GE Mingay: Rural life in Victorian England, (Allan Sutton Publishing, 1990) p50

It is probable that all the other farmers were tenants paying an annual rent for their farm.  For example, Thomas Hubbard, the farmer at Felsham Hall was paying a rental of £237 16s 6d in 1856 for his 151 acre farm, two-thirds of which was down to arable.  The farm was sold in 1860 while Mr Hubbard was the sitting tenant with eight years of his twelve year lease still to run.
 
The Census Returns for 1861 shows his household thus:
 
Thomas
Hubbard
Head
33
Farmer of 151 acres employing 4 labourers and 1 Boy
Finningham
Suffolk
Lavinia
Hubbard
Wife
30
Farmers wife
Ixworth
Suffolk
John C
Hubbard
Son
8
Scholar at home
Elmswell
Suffolk
Laura
Hubbard
Daughter
6
Scholar at home
Tostock
Suffolk
Thomas
Hubbard
Son
4
Scholar at home
Felsham
Suffolk
Jane
Hubbard
Daughter
2
 
Felsham
Suffolk
William
Hubbard
Son
1
 
Felsham
Suffolk
Louisa
Chilvers
Teacher
21
 
Tottington
Norfolk
Eunice
Death
Servant
26
Dairy Maid
Hitcham
Suffolk
Emily Jane
Garrod
Servant
12
Servant
Felsham
Suffolk
 
He was not listed in the Census Returns for 1871 so presumably he had left the village on the termination of his lease to farm elsewhere.

Despite the fact that Thomas Hubbard was a tenant farmer he was still a man of some wealth and local standing.  His children did not attend the local National School but were educated at home by a governess as shown in the Census Return above.
Further research: the security of tenant farmers

2.  How big were the Felsham farms?
It would appear that only the four largest farms are mentioned by name in the Harrod’s Directory for 1864: Grange Farm, Stone Farm, Felsham Hall Farm and Brook Hall Farm.  These are all farms of over 150 acres in size.  The Census Returns for 1861 and 1871 reveal the names and sizes of the smaller farms:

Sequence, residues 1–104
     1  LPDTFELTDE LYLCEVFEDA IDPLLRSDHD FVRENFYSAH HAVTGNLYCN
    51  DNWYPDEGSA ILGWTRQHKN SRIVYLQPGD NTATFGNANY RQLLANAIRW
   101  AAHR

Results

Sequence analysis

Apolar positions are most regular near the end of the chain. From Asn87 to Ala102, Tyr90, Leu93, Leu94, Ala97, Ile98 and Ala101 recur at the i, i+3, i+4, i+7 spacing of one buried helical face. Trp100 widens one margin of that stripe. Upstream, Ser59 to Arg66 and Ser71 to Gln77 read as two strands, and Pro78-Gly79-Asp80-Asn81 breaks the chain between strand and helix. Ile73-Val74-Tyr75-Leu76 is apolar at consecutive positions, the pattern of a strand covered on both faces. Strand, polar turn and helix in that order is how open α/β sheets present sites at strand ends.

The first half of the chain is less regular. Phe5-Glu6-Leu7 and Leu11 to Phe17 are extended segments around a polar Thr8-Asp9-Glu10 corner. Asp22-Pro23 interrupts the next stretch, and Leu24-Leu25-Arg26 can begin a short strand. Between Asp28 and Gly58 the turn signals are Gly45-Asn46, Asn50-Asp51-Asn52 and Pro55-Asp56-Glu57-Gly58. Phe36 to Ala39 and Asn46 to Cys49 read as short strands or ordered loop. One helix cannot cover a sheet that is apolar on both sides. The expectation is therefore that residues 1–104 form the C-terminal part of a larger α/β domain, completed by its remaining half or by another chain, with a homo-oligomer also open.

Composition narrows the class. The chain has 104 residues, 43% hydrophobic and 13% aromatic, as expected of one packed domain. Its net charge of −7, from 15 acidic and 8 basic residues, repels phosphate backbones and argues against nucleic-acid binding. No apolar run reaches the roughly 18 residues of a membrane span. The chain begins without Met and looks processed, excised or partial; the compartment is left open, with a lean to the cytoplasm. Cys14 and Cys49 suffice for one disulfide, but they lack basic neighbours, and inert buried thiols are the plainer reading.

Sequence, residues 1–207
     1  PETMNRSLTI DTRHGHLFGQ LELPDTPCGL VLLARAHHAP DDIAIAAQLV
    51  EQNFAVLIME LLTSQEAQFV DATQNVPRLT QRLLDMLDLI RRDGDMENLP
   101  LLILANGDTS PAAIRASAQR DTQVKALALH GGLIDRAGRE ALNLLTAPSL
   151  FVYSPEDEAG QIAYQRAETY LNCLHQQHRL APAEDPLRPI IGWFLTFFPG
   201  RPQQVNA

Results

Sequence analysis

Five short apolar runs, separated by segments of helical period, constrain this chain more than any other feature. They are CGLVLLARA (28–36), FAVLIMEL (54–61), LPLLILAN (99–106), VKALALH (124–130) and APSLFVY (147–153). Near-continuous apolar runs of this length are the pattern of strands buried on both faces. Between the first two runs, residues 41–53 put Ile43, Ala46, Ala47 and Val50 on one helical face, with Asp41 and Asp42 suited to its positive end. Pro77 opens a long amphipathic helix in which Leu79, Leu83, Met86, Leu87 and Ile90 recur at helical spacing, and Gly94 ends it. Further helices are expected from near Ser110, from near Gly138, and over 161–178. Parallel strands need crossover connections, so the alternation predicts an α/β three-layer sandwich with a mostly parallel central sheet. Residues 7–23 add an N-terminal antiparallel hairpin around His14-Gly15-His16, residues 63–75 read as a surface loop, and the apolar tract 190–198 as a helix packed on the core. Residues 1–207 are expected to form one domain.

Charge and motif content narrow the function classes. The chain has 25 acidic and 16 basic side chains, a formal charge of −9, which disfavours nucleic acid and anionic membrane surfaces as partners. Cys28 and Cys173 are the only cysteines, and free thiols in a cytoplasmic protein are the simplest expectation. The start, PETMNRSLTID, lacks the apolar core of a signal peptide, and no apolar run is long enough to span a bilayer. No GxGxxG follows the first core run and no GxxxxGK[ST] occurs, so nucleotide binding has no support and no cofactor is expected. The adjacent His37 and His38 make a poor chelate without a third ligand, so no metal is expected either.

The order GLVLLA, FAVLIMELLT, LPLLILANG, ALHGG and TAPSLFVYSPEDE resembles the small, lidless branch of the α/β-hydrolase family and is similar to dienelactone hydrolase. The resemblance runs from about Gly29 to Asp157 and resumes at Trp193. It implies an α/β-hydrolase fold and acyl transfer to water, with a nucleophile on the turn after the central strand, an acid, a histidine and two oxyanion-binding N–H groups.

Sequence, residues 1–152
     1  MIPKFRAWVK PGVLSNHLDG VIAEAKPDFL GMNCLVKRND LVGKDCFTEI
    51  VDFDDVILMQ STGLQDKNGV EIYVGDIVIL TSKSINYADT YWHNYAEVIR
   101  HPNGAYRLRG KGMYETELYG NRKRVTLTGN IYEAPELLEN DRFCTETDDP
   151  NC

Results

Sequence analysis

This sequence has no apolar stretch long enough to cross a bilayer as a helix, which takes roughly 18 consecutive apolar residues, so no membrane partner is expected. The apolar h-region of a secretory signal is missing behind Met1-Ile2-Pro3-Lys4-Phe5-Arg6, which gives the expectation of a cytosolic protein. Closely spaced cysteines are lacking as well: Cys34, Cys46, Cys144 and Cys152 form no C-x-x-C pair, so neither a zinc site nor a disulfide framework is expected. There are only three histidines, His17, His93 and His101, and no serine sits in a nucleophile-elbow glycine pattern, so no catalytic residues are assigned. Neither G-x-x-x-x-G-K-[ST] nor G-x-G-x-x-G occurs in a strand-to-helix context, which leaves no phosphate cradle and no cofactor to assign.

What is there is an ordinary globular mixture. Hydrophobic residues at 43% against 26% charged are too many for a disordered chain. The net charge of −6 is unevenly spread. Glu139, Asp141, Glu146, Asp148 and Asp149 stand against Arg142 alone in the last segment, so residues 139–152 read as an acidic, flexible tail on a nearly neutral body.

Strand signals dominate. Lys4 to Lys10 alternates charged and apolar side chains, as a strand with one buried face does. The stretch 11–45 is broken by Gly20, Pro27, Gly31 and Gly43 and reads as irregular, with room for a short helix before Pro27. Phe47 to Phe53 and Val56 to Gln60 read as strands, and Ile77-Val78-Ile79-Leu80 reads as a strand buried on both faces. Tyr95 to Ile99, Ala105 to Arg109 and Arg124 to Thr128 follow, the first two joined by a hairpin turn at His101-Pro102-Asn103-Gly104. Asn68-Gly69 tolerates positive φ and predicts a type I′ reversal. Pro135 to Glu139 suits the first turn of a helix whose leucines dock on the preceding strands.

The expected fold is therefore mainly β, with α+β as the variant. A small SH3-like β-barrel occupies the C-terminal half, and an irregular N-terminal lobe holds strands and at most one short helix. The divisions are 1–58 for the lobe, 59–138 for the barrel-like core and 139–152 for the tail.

Deadman James, farmer & landowner, Grange farm

Debenham.  Farmer of 218 acres employing 8 labourers and 2 Boys

Golding William, farmer, Stone farm [Slough Farm]

Farmer of 164 acres employing 7 Labourers and 4 Boys

 

Gosling William, farmer

Valley Farm.  Farmer of 57 acres employing 2 Labourers and 2 Boys

Hubbard Thomas, farmer, Felsham hall

Farmer of 151 acres employing 4 labourers and 1 Boy

 

King Thomas, farmer

James King? Near Michery House [The Links] and the Grange?

Kinsey Edward, farmer

1861 The Green, Edmund Kinsey aged 43, Farmer of 140 acres employing 5 Labourers and 2 Boys? 1871 Edward Kinsey aged 52,  farmer of Mausoleum House. [Same person? – both born in Stowupland.)

Last James, farmer

Tailor and shoemaker of 17 acres employing 1 labourer and boy.  In 1871 described as ‘Farmer and Master Tailor’.

Moore William, farmer

Rookery Farm [Moore’s Farm] Farmer of 100 acres employing 3 Labourers and 2 Boys.  Also publican at Six Bells in 1871

Scott James, farmer, Brook farm

Farmer of 170 acres employing 6 Labourers and 3 Boys

Smith Thomas, farmer

Farmer of 34 acres employing 1 Labourer and 1 Boy (Hill Farm?)

Watkinson William, farmer

Daver’s Farm [Capel Farm]. Farmer of 124 acres employing 4 Labourers and 2 Boys

It is noteworthy that the smaller farmers sometimes combined their farming with other occupations.  William Moore with a farm of 100 acres was also the publican at the Six Bells Inn.  While, James Last managed to combine working his small-holding of 17 acres with his professions of shoemaker and tailor.

Further research: Felsham villagers with two or more occupations?